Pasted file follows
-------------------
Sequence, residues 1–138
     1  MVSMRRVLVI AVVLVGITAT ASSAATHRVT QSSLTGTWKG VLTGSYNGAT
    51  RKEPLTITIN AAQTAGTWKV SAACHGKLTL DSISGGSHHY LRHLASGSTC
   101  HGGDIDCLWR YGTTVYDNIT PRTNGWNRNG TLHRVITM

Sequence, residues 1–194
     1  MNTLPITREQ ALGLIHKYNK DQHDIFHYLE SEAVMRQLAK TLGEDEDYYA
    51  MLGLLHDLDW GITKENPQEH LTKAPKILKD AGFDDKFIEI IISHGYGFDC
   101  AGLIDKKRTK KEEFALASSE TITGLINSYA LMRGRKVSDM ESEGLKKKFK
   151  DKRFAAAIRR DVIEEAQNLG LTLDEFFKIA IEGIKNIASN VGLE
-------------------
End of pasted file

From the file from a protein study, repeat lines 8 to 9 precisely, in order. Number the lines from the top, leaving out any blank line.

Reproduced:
   101  AGLIDKKRTK KEEFALASSE TITGLINSYA LMRGRKVSDM ESEGLKKKFK
   151  DKRFAAAIRR DVIEEAQNLG LTLDEFFKIA IEGIKNIASN VGLE